Wouldn’t it be great if ownership of a SharePoint (SP) site never changed? Reality is different. Site Owners move on, to a new position, another team, or another company all together. What stays behind is the SharePoint site that needs new ownership.
If you find yourself in the position of taking over a new SP site, here are suggestions for your first steps:
Check if there is any existing documentation about the site, e.g. purpose of the site, lists & libraries, permission overview, workflows, etc. Check in the Site Assets folder for a OneNote Notebook. If there isn’t one, document your findings in a OneNote Notebook and save that Notebook in the Site Assets folder. Your notes will help you in the future when you need to make changes to the site.
Become familiar with the content of your site. Go to the gear, Site Settings, and take a look at the existing lists and libraries. If you are on a Team Site, don’t forget to check the Site Pages library to understand what pages have been built. If you take over a Publishing Site, check the Pages library.
Understand the existing links on your site. Review the Global Navigation bar as well as the Quick Launch. Try every link to ensure they are working. Remove those that don’t. As a general rule, top (global) navigation links should link to content on other sites, quick launch links should link to existing content on your site (lists, libraries, pages, forms).
It’s not always obvious if workflows exist for a site, list, or library. One would hope that if they do exist they were well documented. Under Site Settings, Site Administration, Workflow settings you will find which workflows are associated with the site. However, workflows associated with lists or libraries are not listed here. The next step would be to check in the settings for each list and library, or contact your SP Admin and ask for help. Your SP Admin should be able to tell you if there are any workflows. If the workflows were done in SharePoint Designer (SPD), then you have a good reason to request/download SPD and start learning about workflows.
Understand who has access to your site and what kind of access.
- Are there are others who have full control in addition to you? If that is the case reach out to determine who the primary and who the secondary site owner is. Be clear about who grants and removes permissions for new hires / departures.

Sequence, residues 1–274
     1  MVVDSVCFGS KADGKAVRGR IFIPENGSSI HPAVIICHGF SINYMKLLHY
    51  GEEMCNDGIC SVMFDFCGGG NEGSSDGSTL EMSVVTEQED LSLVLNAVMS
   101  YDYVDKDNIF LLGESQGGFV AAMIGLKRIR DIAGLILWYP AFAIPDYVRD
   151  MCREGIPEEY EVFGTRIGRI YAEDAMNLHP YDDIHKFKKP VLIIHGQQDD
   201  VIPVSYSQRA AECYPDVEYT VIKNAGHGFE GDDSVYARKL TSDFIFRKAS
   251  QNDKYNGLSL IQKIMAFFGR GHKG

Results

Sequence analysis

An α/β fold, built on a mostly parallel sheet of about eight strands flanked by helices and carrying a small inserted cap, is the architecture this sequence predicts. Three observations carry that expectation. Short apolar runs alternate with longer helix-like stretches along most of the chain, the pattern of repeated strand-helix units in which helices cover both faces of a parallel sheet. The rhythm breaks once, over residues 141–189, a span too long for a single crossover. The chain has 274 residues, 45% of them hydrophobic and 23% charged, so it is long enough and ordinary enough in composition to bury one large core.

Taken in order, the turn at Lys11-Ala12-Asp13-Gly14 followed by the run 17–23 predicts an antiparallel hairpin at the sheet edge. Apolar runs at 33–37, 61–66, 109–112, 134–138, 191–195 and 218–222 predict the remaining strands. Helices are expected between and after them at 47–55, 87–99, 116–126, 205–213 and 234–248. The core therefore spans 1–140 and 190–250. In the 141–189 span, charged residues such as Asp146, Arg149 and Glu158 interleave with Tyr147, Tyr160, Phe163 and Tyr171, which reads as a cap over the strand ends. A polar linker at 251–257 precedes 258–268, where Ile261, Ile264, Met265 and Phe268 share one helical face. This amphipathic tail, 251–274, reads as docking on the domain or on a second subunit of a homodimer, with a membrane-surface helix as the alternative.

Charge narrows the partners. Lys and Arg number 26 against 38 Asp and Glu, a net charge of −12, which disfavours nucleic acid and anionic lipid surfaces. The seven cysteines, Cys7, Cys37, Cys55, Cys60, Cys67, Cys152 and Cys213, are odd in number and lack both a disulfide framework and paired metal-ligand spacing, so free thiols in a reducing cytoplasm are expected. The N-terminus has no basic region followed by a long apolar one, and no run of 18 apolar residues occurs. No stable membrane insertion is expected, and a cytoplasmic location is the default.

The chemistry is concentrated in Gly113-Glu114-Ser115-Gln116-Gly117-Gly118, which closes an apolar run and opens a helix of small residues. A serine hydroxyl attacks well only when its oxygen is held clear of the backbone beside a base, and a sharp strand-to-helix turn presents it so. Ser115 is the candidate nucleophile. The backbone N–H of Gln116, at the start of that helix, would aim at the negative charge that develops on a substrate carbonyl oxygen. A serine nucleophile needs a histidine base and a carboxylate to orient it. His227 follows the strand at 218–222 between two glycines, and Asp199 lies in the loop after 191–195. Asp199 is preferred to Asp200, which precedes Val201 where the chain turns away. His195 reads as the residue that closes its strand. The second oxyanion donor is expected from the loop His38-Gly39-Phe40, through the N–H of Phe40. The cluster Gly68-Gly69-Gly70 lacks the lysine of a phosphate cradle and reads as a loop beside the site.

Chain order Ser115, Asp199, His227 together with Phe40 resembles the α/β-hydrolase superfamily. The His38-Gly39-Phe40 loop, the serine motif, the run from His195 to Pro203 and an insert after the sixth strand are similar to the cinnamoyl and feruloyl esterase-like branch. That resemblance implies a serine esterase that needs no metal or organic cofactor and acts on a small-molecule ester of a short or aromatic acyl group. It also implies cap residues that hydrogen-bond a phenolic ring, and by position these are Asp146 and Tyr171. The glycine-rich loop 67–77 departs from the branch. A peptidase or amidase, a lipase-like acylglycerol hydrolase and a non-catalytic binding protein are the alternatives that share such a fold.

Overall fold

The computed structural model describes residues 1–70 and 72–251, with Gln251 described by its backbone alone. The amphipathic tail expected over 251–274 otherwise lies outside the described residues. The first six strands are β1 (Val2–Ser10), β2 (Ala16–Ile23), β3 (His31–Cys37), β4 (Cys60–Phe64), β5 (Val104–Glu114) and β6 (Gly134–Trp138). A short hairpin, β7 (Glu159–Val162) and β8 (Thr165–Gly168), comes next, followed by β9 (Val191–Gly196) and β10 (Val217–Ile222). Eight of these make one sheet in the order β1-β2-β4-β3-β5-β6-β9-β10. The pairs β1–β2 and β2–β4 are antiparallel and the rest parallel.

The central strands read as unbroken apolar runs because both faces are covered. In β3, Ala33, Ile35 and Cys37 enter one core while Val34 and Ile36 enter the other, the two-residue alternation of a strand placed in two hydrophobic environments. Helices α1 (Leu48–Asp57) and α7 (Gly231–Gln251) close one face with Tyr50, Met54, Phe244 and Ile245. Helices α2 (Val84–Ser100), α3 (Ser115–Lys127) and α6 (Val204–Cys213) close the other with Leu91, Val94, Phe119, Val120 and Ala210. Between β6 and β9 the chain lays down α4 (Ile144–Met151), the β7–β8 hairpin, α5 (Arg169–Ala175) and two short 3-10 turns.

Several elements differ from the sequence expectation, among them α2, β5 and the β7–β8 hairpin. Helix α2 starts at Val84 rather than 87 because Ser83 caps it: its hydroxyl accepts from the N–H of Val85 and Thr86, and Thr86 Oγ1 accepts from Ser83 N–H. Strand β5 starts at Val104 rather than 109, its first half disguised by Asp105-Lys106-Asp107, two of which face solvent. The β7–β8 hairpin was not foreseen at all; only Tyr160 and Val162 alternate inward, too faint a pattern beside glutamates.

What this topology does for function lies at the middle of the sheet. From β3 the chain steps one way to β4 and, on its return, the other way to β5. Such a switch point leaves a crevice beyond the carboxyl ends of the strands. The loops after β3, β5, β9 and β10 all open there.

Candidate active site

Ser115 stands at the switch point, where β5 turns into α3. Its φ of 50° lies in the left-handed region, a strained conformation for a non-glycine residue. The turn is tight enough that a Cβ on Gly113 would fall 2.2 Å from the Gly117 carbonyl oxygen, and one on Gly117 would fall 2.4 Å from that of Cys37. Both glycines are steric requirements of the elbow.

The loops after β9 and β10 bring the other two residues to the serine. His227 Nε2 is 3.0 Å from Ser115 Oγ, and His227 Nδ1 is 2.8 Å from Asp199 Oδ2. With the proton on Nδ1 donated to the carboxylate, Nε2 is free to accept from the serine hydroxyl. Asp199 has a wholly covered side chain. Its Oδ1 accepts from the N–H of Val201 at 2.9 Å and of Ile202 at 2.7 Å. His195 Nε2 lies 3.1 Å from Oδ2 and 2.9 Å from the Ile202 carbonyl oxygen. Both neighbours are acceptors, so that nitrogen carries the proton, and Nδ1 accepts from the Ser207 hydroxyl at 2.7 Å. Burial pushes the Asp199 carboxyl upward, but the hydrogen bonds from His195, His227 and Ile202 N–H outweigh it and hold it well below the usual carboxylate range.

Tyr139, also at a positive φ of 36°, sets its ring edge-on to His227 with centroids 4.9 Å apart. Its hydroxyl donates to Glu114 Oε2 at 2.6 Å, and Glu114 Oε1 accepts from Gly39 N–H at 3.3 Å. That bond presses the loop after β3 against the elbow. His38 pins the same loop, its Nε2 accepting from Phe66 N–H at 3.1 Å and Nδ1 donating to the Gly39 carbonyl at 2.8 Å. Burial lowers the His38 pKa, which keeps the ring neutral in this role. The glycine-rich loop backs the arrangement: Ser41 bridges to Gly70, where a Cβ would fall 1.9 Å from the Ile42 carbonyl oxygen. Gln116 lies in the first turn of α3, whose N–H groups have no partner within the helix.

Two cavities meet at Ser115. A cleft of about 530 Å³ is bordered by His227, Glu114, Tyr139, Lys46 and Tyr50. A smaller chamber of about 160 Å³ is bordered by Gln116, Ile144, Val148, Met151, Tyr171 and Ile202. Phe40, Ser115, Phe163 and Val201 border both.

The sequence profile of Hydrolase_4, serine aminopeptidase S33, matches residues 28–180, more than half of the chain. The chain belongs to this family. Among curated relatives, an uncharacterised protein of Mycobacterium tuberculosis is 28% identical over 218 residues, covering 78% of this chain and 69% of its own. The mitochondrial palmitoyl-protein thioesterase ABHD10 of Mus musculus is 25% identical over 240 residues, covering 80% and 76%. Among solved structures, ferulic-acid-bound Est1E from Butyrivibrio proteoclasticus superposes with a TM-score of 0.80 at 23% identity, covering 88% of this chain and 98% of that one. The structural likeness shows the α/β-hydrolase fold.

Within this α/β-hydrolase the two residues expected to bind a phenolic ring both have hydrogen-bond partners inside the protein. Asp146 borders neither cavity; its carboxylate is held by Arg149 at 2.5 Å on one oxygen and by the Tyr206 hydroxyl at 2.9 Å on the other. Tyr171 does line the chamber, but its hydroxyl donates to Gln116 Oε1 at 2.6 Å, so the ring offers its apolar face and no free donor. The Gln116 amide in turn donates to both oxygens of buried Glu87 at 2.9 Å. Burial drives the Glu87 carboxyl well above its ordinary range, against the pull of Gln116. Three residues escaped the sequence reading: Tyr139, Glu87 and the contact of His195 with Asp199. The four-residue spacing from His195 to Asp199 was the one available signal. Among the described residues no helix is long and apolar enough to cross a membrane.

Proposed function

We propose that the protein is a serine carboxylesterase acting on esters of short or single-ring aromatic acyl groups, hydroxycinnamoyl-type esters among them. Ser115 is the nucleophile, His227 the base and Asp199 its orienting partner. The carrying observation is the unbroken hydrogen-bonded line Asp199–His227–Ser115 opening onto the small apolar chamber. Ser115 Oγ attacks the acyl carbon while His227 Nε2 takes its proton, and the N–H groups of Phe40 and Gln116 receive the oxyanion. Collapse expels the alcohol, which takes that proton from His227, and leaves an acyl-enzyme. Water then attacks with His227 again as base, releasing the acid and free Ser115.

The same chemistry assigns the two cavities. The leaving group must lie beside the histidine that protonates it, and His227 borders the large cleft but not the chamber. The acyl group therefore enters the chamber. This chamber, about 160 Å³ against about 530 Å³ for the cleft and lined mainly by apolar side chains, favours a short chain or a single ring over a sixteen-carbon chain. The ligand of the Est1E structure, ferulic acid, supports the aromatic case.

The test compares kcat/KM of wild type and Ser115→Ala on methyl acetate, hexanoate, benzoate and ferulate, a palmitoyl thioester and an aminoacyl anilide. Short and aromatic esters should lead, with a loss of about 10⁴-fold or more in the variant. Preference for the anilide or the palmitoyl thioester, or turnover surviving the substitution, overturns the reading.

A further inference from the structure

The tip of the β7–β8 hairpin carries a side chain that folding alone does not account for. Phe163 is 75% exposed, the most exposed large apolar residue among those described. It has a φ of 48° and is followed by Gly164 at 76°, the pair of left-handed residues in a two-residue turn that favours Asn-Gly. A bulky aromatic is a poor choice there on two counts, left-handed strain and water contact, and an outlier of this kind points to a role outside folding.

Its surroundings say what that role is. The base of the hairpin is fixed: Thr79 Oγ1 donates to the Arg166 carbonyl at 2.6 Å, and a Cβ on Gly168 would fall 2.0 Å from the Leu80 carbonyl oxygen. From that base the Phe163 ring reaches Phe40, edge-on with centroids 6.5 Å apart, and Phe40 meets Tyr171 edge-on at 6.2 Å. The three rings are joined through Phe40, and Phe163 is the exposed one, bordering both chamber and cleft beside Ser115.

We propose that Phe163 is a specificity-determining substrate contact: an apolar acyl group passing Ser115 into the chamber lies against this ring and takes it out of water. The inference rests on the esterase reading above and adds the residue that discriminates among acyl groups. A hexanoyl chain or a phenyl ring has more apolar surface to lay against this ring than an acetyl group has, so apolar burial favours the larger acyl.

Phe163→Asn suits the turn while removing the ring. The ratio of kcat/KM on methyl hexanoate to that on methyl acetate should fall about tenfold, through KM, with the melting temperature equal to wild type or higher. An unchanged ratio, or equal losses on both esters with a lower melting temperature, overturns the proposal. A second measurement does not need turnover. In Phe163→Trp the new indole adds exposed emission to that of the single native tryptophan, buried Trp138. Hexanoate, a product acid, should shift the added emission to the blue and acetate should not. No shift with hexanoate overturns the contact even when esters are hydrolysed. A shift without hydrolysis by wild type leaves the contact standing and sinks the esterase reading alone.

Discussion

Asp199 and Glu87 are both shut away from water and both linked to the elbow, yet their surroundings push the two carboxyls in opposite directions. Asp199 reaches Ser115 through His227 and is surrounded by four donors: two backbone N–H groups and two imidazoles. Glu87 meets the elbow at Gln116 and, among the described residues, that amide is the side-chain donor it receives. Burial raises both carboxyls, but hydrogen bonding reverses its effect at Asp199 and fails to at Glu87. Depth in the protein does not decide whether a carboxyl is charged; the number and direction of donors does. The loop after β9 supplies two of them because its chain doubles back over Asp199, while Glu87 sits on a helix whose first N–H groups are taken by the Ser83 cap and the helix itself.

- Where do Access Requests go to? When a user requests access to a site an email gets sent. If that email address is invalid, the request ends up in a dark hole and the user never gets a response. Find the answer by going to the Site Settings, Site Permissions, Access Request Settings and update that email address, add two if possible.
- Are permissions given directly or are all users part of permission groups? Hopefully the latter is the case. If not, consider creating permission groups for your site and start using them. You can start out with the three basic groups: Site Visitors = read access. Site Members = contribute access. Site Owners = full control. (see my previous post on permissions)
- If Active Directory (AD) groups are used on your site, find out what processes are in place for the maintenance of AD groups. If a user is added to an AD group and that AD group has been added to a SP permission group, as the SP site owner you will not get any notification if a user has been added or removed from the AD group.
Did I mention this? Document, document, document…since you will likely not spend 24/7 working on your site, your notes will help you dive back in when the time comes. Also, as an added benefit, it shows the effort you have made in your journey to site ownership.